Why are driver’s licenses suspended in Maine, and what makes Operating after Suspension a criminal offense?
In Maine your license can be suspended for many reasons, and some suspensions can result in traffic tickets if you are caught driving while suspension. Traffic ticket or civil offense OAS violations include suspensions solely for failure to pay fines, failure to pay reinstatement fee’s, or tendering a dishonored check suspensions. Driving while suspended for those issues do not usually result in criminal court charges. However in most cases if you operate after your license is suspended, and are pulled over, you will be charged with a crime. Some of the ways suspensions turn into criminal charges for operating after suspension include:
Court Imposed suspension: Sometimes the court will suspend your license due to a prior criminal conviction. Common court imposed suspensions come from convictions for operating under the influence, driving to endanger, or illegal transportation of alcohol by a minor.
License suspensions imposed by the Secretary of State: the majority of license suspensions in Maine are imposed by the Secretary of State. These common suspensions include:
Suspensions for criminal convictions for crimes that do not have court imposed suspensions: There are a number of criminal convictions that will trigger an administrative license suspension, including: speeding 30 or more miles per hour over the speed limit (criminal speed), eluding a police officer, failure to stop for officer, operating alone while on a permit, operating without a license, unlawful use of drivers license, and leaving the scene of a bodily injury accident.
Suspension for accumulation of demerit points on your license. A demerit point license accumulation suspension comes about when you get 12 demerit points on your license within one year. Hitting 12 demerit points will result in a license suspension of 15 days. For example if you get two speeding tickets for 15 mph or more over the limit (but under 30 mph) those two tickets will result in a total of 12 demerit points, and your license will be suspended.
Provisional License periods: Another common license suspension applies to provisional licenses issued to Maine drivers when they first get their license. A first time Maine driver that is over the age of 21 will be issued a provisional license for their first one year of driving, and during that year, any moving motor vehicle violation (like speeding) will cause their license to be suspended. A first-time license issued to a person between 18 and 21 years old, or a person under 18 years old, will have a provisional license for the first two years, and any moving violations committed will result in significant license suspensions.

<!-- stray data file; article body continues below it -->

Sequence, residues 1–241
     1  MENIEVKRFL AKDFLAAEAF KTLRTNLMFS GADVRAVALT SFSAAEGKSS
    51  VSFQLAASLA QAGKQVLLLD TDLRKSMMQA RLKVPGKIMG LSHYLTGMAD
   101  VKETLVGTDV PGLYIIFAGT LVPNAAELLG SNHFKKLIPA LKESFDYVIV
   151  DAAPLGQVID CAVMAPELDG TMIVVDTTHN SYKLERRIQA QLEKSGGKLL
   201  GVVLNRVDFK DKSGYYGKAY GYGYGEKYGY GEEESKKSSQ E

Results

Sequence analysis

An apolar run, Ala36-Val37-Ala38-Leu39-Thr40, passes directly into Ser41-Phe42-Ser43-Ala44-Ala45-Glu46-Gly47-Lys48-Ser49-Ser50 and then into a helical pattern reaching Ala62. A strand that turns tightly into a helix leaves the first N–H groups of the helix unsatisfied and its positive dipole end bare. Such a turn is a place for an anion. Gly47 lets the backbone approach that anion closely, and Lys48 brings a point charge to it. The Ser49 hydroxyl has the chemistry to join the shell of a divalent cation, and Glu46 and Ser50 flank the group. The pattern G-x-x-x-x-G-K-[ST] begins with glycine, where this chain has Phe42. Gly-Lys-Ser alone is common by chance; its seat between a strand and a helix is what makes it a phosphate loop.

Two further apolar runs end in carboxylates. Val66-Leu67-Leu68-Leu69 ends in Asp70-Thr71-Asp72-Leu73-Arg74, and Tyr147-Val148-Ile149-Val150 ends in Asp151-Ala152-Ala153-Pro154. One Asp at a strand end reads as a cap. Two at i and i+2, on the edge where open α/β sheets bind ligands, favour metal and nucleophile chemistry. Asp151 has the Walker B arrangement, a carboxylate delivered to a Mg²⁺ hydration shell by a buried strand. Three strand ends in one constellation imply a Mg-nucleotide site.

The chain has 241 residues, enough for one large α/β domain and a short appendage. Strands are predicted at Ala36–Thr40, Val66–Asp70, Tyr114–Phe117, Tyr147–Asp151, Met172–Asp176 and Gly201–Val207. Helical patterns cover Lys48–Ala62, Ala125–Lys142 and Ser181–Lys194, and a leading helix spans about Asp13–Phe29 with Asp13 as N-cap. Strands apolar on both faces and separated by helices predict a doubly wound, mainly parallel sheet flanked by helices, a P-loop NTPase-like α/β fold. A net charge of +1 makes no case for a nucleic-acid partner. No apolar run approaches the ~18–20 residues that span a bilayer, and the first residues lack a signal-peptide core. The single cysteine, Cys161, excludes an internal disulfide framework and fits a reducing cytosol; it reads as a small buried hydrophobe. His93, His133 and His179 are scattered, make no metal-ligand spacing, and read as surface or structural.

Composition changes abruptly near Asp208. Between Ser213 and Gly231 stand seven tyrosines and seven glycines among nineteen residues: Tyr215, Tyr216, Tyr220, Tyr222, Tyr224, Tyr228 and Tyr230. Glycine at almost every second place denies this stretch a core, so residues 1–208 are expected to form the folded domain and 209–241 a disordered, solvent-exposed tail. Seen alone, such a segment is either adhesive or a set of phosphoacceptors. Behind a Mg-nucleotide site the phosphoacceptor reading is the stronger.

Suspension for not having Liability Motor Vehicle insurance: in Maine license suspensions are imposed for failure to maintain proof of liability insurance. This can happen if a driver is not able to provide proof of insurance to a law enforcement officer during a traffic stop or accident. A civil offense for not having insurance usually lead to the burdensome requirement of an SR 22 insurance certificate being placed on your license.
Accident Prone Driver suspension: another suspension many folks to do not realize exists, is called an accident prone driver suspension, and occurs when a driver is found to have three or more accidents within a three years. A suspension notice will be sent out “out of the blue” when a third accident is reported within three consecutive years.
While this is not a complete list of all causes of license suspensions in Maine, all of the above suspensions can result in you being charged with the crime of operating after suspension if you are alleged to have driven a motor vehicle after the suspension is placed in effect, and notice is sent to your last known address on file with the Maine Secretary of State.
How a Maine Operating after Suspension lawyer can help?
If you are charged with operating after suspension, reach out to an experienced criminal Defense attorney. OAS charges are some of the most common criminal cases in Maine and criminal defense lawyers know what to look for to defend the case and to advise you on how to get your license reinstated and prepare for court. A defense lawyer can not only poke holes in the case against you, they can advise you on what to expect and develop a plan of attack for negotiating the best outcome. Finally, the best thing to do if you are charged with Operating after Suspension in Maine is try to get your license reinstated and active again as soon as possible. Then call the Law Offices of Cameron T. Ellis and schedule a consolation to discuss your case and a strategy to fight.